We’ve seen various consortium-owned protocols for connected devices come and go over the last two decades, with hundreds of other alliance-led protocols aimed at standardising the Internet of Things (IoT), but so far they have all failed to live up to expectations and hype. The issue is that these consortium controlled/owned protocols are not a sustainable or effective solution to the two main roadblocks in the IoT world: how to allow any device to talk to other devices or services with minimal effort and programming, and how to easily build apps on top of such an ecosystem of heterogeneous devices. Unless the Qualcomm/Linux tie up is going to have a considerably larger budget than its predecessors, we worry it may well follow a similar fate.

So, can it be better?

It’s been used and in development for a while now, so it obviously does its job however it stands more of a chance of spreading out and being used, if, and only if, the consumer-electronics manufacturers actually build it into their devices. If that does happen and low-cost manufacturers ship products with this protocol built in (a step other alliances have yet to manage) then we should be adopting and engaging with it.

However, one thing the IoT world seems reluctant to acknowledge is the Web of Things approach: the proposal to leverage HTTP – the most successful protocol for building distributed applications ever. The Web has only become what it is today because HTTP was designed to be open, scalable and loosely coupled. Certainly, other alliances/protocols weren’t bad, they might have been even better than HTTP in certain marginal cases, but not for the majority of applications and use cases.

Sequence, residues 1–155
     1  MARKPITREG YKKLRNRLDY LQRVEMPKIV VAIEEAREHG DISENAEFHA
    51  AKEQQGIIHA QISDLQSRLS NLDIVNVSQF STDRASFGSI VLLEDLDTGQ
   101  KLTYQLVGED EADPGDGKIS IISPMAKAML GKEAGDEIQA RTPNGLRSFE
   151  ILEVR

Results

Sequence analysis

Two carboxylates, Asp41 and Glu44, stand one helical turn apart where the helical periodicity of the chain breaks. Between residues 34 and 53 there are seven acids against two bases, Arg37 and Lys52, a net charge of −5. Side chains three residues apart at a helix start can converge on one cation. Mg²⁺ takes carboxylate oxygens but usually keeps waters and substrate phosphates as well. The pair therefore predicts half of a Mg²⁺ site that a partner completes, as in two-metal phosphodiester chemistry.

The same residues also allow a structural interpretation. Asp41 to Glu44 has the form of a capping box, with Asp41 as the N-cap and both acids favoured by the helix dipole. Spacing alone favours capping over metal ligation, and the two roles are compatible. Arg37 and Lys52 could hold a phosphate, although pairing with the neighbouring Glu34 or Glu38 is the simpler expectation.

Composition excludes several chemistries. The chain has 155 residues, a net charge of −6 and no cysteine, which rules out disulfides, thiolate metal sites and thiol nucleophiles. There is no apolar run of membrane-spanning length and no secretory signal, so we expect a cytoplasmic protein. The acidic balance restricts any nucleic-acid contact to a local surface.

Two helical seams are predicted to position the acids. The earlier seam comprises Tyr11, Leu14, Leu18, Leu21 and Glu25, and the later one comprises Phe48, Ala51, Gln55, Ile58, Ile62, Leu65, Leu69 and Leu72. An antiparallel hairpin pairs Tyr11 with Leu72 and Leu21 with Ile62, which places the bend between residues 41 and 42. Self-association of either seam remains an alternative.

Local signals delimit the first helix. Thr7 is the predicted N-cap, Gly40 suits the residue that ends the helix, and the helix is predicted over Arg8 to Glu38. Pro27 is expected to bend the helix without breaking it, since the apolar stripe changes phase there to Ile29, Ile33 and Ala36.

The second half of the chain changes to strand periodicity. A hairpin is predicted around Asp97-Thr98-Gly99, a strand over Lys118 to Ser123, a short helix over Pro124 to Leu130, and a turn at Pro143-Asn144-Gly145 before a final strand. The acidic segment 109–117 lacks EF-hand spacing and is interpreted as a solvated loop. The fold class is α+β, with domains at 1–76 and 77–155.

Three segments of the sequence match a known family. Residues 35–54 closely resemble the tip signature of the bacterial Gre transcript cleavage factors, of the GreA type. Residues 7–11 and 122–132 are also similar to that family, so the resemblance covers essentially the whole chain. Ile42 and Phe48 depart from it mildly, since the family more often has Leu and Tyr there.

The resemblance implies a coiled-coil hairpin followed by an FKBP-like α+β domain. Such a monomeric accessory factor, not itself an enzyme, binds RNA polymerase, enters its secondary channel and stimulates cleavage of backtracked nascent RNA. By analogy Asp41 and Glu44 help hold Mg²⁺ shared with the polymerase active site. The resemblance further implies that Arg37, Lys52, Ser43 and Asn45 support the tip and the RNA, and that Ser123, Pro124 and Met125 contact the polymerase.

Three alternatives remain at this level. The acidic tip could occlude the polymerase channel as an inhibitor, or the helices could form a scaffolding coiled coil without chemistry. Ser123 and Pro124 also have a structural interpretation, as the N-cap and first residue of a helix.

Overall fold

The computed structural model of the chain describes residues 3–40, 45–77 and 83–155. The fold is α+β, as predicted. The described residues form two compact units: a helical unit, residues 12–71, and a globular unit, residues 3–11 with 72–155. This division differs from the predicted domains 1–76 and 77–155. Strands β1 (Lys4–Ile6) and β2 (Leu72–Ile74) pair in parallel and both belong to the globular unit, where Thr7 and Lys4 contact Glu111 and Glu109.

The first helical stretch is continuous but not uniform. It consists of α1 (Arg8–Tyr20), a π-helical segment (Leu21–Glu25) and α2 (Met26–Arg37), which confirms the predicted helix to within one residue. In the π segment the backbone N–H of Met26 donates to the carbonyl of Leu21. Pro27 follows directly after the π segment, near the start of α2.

It is therefore realistic that a Web standard could hold the key to unlocking the power of the IoT and providing the crucial foundation that the industry needs, championing ease of use and openness.

This isn’t an anti-commercial post, far from it, the alliance is a good thing and could actually work but the following factors will be essential to its success:

-       tools making it easy to deploy, configure, integrate, analyze, control, etc. one or more devices

-       extensive developer support (lots of source code for many platforms, etc.)

-       complete scenarios (open course examples that work and can be deployed/extended easily)

-       support for multiple platforms (hardware & software)

-       high-level UI, easy to use editors that make it super easy to build apps

-       etc.

I guess as far as the AllSeen Alliance is concerned only time will tell, until then… ;)

2014 IoT Predictions

Another year, another crop of tech predictions. Not wanting to feel left out, here are some collective thoughts from the team on how the Internet of Things will shape up in 2014. (Be interesting to see how CES fits with these predictions, or not as the case may be).


We expect to see more simpler to use devices and toolkits (e.g., wifi-based devices that you can plug, play, and code, etc), that are easier to embed in existing consumer electronics with less integration complexity. Also more home automation fueled by wifi modules that can be added to any existing device like the aforementioned Spark, the flyport and the Electric Imp.

Reassuringly, these are what we think of as ‘Web of Things’ rather than ‘Internet of Things’ examples, meaning they use open Web standards not closed protocols, such as REST APIs with HTTP over Wifi.

Javascript/node.js will show up on devices e.g. program your Raspberry PI directly with javascript, instead of lower-level, more complex/technical languages. Also, more DIY home automation based on the PI e.g. heimcontrol.js, or PI JS.